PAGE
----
The Rangers are in action right now versus the Philadelphia Flyers. They have one game remaining on their preseason schedule after tonight, as they take on the Flyers again tomorrow.
Desjardins was attending Rangers camp on a professional tryout.
Tough night for the Ottawa Senators and, specifically, goaltender Mike Condon on Monday.
Playing the New Jersey Devils in the Kraft Hockeyville showcase in Summerside, Prince Edward Island, Condon allowed seven goals on 17 shots before the midway point of the second period.
Andrew Hammond then entered into the game for Ottawa, with the Senators down 7-0.
Marcus Johansson started the scoring onslaught for New Jersey. Nico Hischier gave the Devils a three-goal lead before the eight-minute mark of the opening period, and John Quenneville scored twice in less than 30 seconds to put New Jersey up by seven in the second period.
The Vegas Golden Knights have chosen an interesting way to honor their season ticket members, as the organization inches closer to starting its inaugural NHL regular season.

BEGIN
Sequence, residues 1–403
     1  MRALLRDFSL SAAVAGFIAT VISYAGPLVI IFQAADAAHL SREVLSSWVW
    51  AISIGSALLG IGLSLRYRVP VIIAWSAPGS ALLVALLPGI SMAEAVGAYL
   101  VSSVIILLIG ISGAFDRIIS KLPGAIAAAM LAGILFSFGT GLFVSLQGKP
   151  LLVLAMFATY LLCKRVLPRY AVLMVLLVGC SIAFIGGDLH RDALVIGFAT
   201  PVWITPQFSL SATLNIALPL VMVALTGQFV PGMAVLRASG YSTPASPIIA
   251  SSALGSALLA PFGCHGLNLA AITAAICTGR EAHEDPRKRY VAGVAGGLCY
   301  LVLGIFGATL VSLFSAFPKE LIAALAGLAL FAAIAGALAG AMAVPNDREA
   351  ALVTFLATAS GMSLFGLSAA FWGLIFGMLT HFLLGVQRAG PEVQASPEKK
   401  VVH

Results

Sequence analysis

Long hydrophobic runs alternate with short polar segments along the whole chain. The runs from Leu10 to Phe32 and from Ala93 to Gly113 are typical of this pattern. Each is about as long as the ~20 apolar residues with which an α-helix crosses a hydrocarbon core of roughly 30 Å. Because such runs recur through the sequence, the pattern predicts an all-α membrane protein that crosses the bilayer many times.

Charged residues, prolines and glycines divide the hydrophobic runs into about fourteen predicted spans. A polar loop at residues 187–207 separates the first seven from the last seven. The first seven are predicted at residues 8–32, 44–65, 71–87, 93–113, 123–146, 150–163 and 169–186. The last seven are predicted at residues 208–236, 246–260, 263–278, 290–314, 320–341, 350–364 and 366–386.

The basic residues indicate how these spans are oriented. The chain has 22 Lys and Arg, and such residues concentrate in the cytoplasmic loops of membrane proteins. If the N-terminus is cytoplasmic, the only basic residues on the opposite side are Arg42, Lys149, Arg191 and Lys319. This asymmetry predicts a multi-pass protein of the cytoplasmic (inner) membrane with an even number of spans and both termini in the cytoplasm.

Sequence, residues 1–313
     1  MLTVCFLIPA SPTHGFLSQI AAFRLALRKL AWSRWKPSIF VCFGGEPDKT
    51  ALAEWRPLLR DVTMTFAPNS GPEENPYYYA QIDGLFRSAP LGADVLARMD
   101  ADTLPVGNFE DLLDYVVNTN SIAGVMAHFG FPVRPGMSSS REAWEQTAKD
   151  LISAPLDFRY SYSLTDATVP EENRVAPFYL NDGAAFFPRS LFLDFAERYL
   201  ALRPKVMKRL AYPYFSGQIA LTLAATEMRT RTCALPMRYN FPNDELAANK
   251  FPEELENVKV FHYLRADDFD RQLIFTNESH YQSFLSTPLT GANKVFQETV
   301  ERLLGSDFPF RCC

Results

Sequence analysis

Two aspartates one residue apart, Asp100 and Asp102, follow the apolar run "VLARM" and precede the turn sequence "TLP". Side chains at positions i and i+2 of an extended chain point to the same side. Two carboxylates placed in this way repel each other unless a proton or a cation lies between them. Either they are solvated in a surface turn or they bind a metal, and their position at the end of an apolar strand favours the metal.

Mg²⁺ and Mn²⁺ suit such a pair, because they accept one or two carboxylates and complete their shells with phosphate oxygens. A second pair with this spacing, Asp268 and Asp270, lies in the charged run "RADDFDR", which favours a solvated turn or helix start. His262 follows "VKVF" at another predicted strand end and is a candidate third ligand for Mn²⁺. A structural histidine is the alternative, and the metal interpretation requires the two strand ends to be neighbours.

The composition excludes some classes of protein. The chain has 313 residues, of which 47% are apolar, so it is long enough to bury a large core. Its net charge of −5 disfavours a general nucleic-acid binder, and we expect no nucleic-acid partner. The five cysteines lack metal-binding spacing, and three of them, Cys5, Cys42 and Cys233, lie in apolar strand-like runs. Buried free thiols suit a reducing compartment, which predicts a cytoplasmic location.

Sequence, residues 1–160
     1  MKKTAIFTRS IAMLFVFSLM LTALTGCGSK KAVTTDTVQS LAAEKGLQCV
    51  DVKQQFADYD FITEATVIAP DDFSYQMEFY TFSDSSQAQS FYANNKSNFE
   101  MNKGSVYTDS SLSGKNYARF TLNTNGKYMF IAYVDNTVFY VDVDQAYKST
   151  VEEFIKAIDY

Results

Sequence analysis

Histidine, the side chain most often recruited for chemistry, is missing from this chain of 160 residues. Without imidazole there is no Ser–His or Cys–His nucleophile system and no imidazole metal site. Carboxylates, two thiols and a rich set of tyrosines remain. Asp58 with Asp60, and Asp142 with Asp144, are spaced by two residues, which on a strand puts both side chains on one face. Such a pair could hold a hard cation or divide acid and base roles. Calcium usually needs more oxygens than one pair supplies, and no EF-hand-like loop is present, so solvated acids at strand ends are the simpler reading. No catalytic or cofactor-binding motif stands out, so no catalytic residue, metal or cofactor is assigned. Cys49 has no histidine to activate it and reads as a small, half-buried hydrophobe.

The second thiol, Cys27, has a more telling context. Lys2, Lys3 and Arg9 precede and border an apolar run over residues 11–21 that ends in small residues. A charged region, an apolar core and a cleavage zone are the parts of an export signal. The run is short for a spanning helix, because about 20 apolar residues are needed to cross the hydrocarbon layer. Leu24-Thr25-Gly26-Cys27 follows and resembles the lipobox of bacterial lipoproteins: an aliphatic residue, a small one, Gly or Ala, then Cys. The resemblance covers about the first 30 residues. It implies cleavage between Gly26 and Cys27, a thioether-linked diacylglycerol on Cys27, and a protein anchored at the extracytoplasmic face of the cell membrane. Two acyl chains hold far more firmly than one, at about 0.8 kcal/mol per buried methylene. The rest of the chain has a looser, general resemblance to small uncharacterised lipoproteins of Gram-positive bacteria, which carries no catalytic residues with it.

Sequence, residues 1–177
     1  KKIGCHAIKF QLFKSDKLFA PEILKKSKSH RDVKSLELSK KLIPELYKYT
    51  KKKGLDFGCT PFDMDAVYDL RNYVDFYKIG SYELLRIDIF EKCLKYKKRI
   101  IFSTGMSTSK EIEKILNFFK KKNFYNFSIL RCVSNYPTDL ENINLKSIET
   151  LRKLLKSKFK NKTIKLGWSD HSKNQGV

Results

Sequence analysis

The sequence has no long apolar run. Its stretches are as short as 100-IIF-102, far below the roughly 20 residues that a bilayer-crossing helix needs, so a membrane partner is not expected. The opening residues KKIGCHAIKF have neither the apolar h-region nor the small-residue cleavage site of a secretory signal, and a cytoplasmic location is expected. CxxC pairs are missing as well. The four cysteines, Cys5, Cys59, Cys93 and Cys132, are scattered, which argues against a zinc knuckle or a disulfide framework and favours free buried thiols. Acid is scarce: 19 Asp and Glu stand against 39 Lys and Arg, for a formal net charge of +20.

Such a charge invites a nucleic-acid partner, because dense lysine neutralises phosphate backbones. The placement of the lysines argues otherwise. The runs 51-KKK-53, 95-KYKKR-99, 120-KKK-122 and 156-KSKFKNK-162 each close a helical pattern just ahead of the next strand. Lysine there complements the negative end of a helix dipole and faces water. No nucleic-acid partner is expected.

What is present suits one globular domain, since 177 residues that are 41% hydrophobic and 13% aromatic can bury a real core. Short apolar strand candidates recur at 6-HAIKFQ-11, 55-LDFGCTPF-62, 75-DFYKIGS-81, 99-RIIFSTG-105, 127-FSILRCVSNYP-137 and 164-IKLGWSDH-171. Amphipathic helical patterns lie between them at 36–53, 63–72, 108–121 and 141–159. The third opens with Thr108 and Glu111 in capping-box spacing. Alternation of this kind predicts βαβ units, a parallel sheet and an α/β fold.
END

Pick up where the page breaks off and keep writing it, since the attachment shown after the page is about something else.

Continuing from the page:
The Golden Knights will, for the first time, play on their home ice at T-Mobile Arena on Tuesday against the L.A. Kings in preseason action. To commemorate this historic season, the organization will embed the names of its season ticket members into the ice surface at their home arena.
(You can check out the video here. Very cool.)
“That it was feasible, if we wanted to do something special on the ice, that we had the ability to put texture to something on the ice, before the laid the last round of it,” said Todd Pollock, Golden Knights vice-president of ticketing and suites.
“It’s in the thousands, the number of names out there. Many thousands.”
The Golden Knights have played four preseason games so far — all on the road. They open the regular season with two games in two nights on the road, on Oct. 6 versus the Dallas Stars and the following night versus the Arizona Coyotes. They return to Vegas for their home opener against the Coyotes on Oct. 10.